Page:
Aso volcano has produced more explosive eruptions than any other volcano in the world.


Aso is a caldera about 12 miles (20 km) in diameter. Of the numerous stratovolcanoes and cinder cones inside the caldera only Naka-dake has been active in historic time. The first documented eruption in Japan was at Naka-dake in 553. Since then, Naka-dake (shown above) has erupted 167 times. The most recent eruption ended in 1993. Most eruptions of Naka-dake are small to moderate in size. Most are simple explosions that produce ash or blocks. Aso has not produced lava flows in historic time. Only 8 eruptions have caused fatalities. Most fatalities are tourists on the rim of the cone. Note people sledding and skiing in the foreground. Photograph courtesy of and copyrighted by Paul J. Buklarewicz.







Looking across Aso caldera. One of the numerous cones inside the caldera is in the foreground. Photograph courtesy of and copyrighted by Paul J. Buklarewicz.













Aso viewed from the visitors center. Small plume above Aso during a period of mild Strombolian eruptions, December 30, 1991. Photograph by Mike Lyvers.


Space Shuttle Photo of Aso caldera.


Aso's caldera wall.

The central complex of active and inactive volcanoes in the middle of the caldera from the same viewpoint as above.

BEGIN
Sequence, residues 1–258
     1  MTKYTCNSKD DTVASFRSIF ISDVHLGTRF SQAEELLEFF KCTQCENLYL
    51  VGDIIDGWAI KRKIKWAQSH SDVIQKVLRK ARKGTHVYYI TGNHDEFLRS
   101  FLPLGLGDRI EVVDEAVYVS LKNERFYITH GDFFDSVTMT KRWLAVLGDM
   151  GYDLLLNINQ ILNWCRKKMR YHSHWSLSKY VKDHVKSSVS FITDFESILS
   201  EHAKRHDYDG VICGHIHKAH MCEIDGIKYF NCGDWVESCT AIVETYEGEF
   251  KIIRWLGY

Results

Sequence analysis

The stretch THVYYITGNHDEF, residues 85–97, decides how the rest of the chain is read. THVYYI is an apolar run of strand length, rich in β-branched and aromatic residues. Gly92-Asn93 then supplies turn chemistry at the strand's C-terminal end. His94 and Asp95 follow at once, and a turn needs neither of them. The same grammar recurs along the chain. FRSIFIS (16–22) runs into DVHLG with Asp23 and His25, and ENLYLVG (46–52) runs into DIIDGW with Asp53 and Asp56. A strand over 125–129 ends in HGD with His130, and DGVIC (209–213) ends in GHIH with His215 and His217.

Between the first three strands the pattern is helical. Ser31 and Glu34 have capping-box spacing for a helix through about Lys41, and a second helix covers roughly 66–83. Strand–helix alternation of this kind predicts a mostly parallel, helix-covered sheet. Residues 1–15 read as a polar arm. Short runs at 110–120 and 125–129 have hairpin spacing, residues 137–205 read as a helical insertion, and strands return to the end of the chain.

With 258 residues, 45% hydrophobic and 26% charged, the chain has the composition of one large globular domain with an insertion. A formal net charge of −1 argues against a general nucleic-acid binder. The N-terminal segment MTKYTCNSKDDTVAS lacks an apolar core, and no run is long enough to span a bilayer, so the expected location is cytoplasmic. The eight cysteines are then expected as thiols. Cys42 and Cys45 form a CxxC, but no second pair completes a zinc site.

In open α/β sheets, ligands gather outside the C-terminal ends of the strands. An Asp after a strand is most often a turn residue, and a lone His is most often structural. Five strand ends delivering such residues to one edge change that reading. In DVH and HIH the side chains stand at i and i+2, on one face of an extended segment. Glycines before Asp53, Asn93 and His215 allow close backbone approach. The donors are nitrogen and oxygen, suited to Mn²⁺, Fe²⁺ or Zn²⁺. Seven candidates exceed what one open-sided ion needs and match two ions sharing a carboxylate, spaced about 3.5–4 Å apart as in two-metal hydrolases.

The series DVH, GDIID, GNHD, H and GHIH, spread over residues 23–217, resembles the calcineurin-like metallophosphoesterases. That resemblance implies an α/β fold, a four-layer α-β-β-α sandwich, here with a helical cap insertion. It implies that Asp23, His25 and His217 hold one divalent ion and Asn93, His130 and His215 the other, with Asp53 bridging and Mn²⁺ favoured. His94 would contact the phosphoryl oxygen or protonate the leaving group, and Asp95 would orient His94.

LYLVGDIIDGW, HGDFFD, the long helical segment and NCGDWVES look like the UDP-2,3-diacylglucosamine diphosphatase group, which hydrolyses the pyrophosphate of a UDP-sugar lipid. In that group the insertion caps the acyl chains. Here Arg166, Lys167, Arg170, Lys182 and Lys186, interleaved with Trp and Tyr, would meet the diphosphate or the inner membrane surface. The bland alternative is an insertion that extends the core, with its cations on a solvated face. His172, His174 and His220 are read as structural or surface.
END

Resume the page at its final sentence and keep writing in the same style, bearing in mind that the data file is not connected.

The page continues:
Naka-dake, the active crater, blowing a smoke ring.

The inactive craters at Naka-dake with people standing on the rim of the active crater (out of sight to the left) for scale.


A sulfurous lake in one of the inactive craters.


A panorama of Naka-dake's active (left) and inactive craters (right), summer 1990.


Some of the concrete bomb shelters placed near the edge of Naka-dake's active crater for tourists to shelter in if there is a shower of bombs.

The crater edge and steam column.


A view looking down inside Naka-dake's active crater. By day, steam obscures the view but minor fireworks were visible at night - winter 1991.
Dr. Kikuchi of the Aso Volcanological Laboratory and his system of underground lasers which he uses to measure the degree of inflation of the volcano.

The bomb shelters buried in recent ashfall prior to the summer of 1992.

The crater with a lake formed during the rainy season of 1992. There were occasional small geyser-like eruptions from this lake.

The beautiful Takachiho Gorge near Mt. Aso, with its columnar basalt.


VolcanoWorld wishes to thank Mike Lyvers for generously sharing his photographs.


Sources of Information:

Kuno, H., 1962, Part XI, Japan, Taiwan and Marianas: Catalogue of the active volcanoes of the world including solfatara fields, International Association of Volcanology, Rome, Italy, 332 p.

McClelland, L., Simkin, T., Summers, M., Nielsen, E., and Stein, T.C., 1989, Global Volcanism 1975-1985: Englewood Cliffs, New Jersey, Prentice Hall, 655 p.

Simkin, T., and Siebert, L., 1994, Volcanoes of the World: Geoscience Press, Tucson, Arizona, 349 p.

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